Infinite borrowing when passing borrowed value to Box<dyn Trait>

Hi :slight_smile:

I'm writing a code below, and got an Error....

The problem looks like that I am passing an iterator iter_borrowed_from that shares the lifetime with the variable s to fn my_method of Box<dyn MyTrait>.
The issue arises because my_method might store iter_borrowed_from somewhere. So It is not released even if my_method ends.

I was wondering, Is there any way to tell the compiler my_method is not storing iter_borrowed_from ?


use std::boxed::Box;

trait MyTrait<It> {
    fn my_method(&self, it: It);

struct X {/* private fields */}

impl<It> MyTrait<It> for X {
    fn my_method(&self, it: It) {
        // private body

fn main() {
    let dyn_trait: Box<dyn MyTrait<_>> = Box::new(X {});

    let s: String = String::new();
    let iter_borrowed_from = s.chars();


    // iter_borrowed_from Drops here <-- ERROR? iter_borrowed_from is still being borrowed in dyn_trait.my_method
    // s Drops here
    // dyn_trait Drops here


error[E0597]: `s` does not live long enough
  --> examples/calculator/src/
18 |     let s: String = String::new();
   |         - binding `s` declared here
19 |     let iter_borrowed_from = s.chars();
   |                              ^ borrowed value does not live long enough
26 | }
   | -
   | |
   | `s` dropped here while still borrowed
   | borrow might be used here, when `dyn_trait` is dropped and runs the destructor for type `Box<dyn MyTrait<Chars<'_>>>`
   = note: values in a scope are dropped in the opposite order they are defined

By the way, I was trying to implement 'virtual class wrapper' in C++...

The problem is that you're naming the iterator type as an argument to the trait, which in turn means that some implementor of MyTrait might try to store the parameter. Because dyn MyTrait<_> has to be able to represent any possible implementor, the compiler has to treat it like it does store the iterator.

One way to get around this is to erase the type of the iterator as well:

use std::boxed::Box;

trait MyTrait<T> {
    fn my_method(&self, it: &mut dyn Iterator<Item=T>);

struct X {/* private fields */}

impl<T> MyTrait<T> for X {
    fn my_method(&self, it: &mut dyn Iterator<Item=T>) {
        // private body

fn main() {

    let s: String = String::new();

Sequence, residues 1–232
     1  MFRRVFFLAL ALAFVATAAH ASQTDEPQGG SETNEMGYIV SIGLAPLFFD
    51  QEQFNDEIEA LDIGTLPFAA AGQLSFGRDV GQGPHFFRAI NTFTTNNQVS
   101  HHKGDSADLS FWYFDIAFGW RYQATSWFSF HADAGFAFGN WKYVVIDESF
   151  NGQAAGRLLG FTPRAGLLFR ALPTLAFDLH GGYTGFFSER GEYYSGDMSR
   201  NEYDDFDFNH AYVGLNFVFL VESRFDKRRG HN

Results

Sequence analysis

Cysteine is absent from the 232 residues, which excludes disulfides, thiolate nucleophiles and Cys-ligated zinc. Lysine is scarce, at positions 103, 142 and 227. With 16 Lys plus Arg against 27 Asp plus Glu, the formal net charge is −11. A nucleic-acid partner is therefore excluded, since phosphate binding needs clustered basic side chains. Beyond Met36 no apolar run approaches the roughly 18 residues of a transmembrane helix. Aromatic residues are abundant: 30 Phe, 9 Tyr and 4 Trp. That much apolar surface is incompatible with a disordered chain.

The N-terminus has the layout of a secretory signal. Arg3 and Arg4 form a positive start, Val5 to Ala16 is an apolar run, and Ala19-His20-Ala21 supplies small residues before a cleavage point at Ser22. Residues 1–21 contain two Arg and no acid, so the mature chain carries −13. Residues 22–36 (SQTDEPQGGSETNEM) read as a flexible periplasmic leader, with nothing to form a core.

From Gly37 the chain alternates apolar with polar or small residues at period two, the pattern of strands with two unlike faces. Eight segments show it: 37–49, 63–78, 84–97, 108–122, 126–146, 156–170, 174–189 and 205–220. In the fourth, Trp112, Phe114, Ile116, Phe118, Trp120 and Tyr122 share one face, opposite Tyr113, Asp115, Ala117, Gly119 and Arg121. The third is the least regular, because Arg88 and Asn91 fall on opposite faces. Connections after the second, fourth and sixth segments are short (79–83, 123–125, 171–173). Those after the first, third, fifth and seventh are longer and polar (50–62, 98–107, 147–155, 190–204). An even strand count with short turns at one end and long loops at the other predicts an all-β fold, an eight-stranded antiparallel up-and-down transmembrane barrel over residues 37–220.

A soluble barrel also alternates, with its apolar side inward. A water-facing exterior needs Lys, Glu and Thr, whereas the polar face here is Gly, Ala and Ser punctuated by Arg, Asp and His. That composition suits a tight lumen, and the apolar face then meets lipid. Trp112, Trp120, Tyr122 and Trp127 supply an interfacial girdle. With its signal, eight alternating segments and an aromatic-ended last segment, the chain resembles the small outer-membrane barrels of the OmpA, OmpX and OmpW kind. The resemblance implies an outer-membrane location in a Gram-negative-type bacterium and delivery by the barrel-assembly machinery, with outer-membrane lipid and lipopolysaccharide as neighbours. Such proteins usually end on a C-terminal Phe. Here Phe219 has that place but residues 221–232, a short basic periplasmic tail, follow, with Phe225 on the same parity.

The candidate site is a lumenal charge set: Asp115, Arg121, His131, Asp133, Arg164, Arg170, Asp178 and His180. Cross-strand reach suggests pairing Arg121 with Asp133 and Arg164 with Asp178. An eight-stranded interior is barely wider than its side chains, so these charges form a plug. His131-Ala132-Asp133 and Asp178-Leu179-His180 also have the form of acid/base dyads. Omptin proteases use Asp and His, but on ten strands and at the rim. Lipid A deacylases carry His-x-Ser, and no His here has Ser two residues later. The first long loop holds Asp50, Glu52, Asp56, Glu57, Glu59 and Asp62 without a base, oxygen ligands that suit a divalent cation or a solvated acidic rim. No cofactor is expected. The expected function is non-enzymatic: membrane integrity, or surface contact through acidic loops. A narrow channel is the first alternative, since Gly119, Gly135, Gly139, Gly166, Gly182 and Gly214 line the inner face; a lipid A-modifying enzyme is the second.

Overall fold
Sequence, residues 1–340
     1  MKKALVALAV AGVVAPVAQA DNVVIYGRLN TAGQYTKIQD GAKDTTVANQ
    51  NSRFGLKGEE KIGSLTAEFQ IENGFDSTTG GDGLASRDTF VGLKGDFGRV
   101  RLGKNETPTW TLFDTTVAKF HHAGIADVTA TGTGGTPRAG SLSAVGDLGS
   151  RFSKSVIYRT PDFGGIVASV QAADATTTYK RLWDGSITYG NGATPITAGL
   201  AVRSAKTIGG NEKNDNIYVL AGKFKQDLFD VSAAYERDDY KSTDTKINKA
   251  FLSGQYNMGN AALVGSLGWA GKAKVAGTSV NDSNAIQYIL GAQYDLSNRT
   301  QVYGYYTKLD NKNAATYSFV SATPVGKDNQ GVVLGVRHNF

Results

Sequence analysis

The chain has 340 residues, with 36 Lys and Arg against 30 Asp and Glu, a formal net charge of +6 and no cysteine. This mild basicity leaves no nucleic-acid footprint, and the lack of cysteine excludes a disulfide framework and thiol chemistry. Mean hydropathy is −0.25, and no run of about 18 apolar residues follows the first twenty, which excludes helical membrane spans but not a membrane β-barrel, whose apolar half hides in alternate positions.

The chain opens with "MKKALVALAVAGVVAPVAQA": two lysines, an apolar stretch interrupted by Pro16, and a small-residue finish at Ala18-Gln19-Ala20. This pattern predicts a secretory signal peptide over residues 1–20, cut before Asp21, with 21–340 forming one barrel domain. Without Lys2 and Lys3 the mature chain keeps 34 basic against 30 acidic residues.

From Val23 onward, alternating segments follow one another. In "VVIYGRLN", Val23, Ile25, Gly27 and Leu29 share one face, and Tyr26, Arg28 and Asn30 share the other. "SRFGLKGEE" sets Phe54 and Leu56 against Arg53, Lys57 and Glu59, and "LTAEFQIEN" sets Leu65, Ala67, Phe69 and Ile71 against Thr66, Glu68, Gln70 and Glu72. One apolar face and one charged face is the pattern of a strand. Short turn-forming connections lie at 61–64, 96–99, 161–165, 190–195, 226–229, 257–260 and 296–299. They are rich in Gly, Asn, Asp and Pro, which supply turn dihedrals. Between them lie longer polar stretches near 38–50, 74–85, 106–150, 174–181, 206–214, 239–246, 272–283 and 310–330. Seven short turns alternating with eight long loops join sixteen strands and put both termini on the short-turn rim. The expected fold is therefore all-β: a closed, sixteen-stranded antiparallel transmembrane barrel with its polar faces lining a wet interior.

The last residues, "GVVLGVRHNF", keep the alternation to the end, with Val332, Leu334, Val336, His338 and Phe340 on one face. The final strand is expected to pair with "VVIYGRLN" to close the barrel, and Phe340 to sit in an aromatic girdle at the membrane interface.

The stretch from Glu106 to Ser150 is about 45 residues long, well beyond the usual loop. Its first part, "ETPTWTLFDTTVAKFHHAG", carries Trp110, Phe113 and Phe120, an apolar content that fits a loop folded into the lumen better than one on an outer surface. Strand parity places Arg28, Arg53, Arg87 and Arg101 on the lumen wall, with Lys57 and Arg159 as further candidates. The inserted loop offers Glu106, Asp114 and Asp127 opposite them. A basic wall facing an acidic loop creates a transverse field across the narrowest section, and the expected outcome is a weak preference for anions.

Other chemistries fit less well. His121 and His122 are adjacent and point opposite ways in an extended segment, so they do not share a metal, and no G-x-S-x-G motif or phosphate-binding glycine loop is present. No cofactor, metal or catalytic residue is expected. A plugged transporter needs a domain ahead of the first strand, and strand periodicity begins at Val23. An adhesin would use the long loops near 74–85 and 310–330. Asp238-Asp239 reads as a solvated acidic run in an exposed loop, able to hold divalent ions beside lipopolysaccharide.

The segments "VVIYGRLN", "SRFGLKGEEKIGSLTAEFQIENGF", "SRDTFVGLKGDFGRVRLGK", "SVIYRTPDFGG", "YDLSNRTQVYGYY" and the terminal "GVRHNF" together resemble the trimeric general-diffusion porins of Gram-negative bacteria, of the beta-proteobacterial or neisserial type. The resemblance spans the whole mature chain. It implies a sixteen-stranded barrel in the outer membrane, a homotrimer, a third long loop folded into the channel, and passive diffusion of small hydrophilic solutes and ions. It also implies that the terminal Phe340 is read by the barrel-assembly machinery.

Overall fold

let dyn_trait: Box<dyn MyTrait<_>> = Box::new(X {});
    let mut iter_borrowed_from = s.chars();

    dyn_trait.my_method(&mut iter_borrowed_from);
1 Like

This top part is mainly useful if you like solving lifetime puzzles. Something potentially useful is at the bottom.

The low-level cause (which does prevent this high-level unsoundness) is invariance. Namely, trait parameters are invariant. So in the case of a trait object, the method signature takes

&dyn MyTrait<Chars<'c>>, Chars<'c>
//           ^^^^^^^^^

Because the underlined part is invariant, the lifetime has to be the entirety of the borrow 'c. This is what ties the borrow of s to the type of dyn_trait:

Box<dyn MyTrait<Chars<'c>> + '_>

and the final piece of the puzzle is that trait objects always have a non-trivial drop, so from a low-level borrow checking perspective, there's a use of the borrow of s when dyn_trait goes out of scope.

More generally, if the following three ingredients are a recipe for borrow entanglement:

  1. A method taking different parameters with the same lifetime
  2. Something causing the lifetime to be invariant
  3. A non-trivial drop

The invariance of trait parameters means that a dyn MyTrait<Chars<'c>> is saying, "I can only work with Chars<'a> if 'a is exactly 'c". Contravariance would be "'c or longer", etc.

There is a way to be more general without changing the trait: you can have a higher-ranked bound that says "I can work with Chars<'a> for any 'a". That would be this change:

-    let dyn_trait: Box<dyn MyTrait<_>> = Box::new(X {});
+    let dyn_trait: Box<dyn for<'a> MyTrait<Chars<'a>>> = Box::new(X {});

Now the lifetimes in the method call don't have to be the same.

Whether the implementors you want can meet that bound or not is a different question, so this may or may not be a viable alternative.

In terms of @2e71828 solution, you will end up with the same borrowing situation as the OP if the iterator Item type is something borrowed. The higher-ranked trait object type (commented in the playground) again may or may not be a viable workaround, depending on the MyTrait implemention of the base type.